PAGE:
G÷bel Christian ,
Antonianum, 76/3 (2001) p. 495-519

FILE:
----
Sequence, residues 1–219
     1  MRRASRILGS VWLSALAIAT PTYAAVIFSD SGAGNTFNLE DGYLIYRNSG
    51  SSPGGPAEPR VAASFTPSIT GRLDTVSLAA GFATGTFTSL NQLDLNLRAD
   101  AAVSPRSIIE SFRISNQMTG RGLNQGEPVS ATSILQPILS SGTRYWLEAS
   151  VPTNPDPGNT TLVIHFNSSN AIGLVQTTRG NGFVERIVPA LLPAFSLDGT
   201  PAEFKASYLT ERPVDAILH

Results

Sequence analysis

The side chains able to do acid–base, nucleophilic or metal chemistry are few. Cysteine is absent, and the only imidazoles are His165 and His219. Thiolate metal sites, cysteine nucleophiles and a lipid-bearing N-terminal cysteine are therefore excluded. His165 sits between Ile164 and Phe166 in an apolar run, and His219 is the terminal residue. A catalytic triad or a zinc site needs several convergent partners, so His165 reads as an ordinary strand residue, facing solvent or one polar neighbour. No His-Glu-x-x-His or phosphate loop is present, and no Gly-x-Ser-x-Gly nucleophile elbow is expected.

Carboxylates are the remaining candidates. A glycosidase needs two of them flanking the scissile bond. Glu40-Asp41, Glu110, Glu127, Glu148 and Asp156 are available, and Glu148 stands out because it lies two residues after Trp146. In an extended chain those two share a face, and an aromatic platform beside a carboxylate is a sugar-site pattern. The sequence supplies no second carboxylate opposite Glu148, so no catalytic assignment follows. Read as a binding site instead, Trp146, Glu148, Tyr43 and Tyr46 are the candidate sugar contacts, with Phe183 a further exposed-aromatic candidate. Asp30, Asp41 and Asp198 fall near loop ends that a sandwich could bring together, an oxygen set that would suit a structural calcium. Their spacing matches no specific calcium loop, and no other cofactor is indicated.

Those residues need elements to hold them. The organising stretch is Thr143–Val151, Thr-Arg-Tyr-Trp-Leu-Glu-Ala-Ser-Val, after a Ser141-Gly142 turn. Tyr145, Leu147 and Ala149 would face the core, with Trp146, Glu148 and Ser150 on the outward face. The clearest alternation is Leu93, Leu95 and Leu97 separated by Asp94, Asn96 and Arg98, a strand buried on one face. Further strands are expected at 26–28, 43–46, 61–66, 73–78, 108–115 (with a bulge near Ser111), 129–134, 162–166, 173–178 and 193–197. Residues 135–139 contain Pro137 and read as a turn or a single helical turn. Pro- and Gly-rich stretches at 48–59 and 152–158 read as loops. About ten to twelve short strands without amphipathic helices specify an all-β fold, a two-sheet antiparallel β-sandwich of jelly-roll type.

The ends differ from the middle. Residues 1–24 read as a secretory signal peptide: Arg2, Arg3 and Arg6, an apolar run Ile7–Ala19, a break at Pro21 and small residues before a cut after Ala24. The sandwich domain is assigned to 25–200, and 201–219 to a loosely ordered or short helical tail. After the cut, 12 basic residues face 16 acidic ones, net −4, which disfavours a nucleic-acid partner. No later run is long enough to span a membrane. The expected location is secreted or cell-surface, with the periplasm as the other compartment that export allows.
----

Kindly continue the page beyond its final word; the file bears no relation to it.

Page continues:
Summary:The subject of the present paper is Nietzsche’s Overman. It gives a new interpretation, emphasising a psychological-biographical approach towards Nietzsche. At the heart of our application of the Overman to Nietzsche’s own life stands the demonstration of multiple escape movements, which obviously not only dominated his life, but also found expression in his work. In the concept of the Overman, the intrinsic paradoxical feature of Nietzsche’s being and thinking is expressed. Here, the great hater of all escapes from the world constructs his own refuge Utopia; the ‘timid eagle’ (as Nietzsche can be called because of the contradiction between his life and thought) creates a flight-exercise from the inner conflict of thoughts into thought-lessness and a pure ‘activism’. However, Nietzsche’s thinking is not exhausted or can be dismissed with a philosophical-psychological analysis of his person. No matter how many attempts at psychological explanations of the philosophy of Nietzsche almost force themselves upon us, it would be ill conceived to conclude from this that thus his ideas are settled, his designs without value. Therefore it is important to save the philosophical value of these. So it is a second goal of this paper to review Nietzsche’s idea of the Overman critically and to search for its possible meaning for a modern Christian self-understanding. The true core of the Christian message in view, i.e. the God of unconditional love, the paper proposes an attitude which can be called a ‘Christian Overman: As Nietzsche defined the Overman as he who endures the “death of God”, a modern Christian should be able to review his picture of God and endure the end of the moral God.